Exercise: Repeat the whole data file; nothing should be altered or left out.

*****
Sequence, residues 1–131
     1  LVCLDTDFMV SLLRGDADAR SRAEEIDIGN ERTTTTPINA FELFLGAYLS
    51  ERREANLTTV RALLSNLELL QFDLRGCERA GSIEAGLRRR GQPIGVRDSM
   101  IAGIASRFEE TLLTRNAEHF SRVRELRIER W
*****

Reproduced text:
Sequence, residues 1–131
     1  LVCLDTDFMV SLLRGDADAR SRAEEIDIGN ERTTTTPINA FELFLGAYLS
    51  ERREANLTTV RALLSNLELL QFDLRGCERA GSIEAGLRRR GQPIGVRDSM
   101  IAGIASRFEE TLLTRNAEHF SRVRELRIER W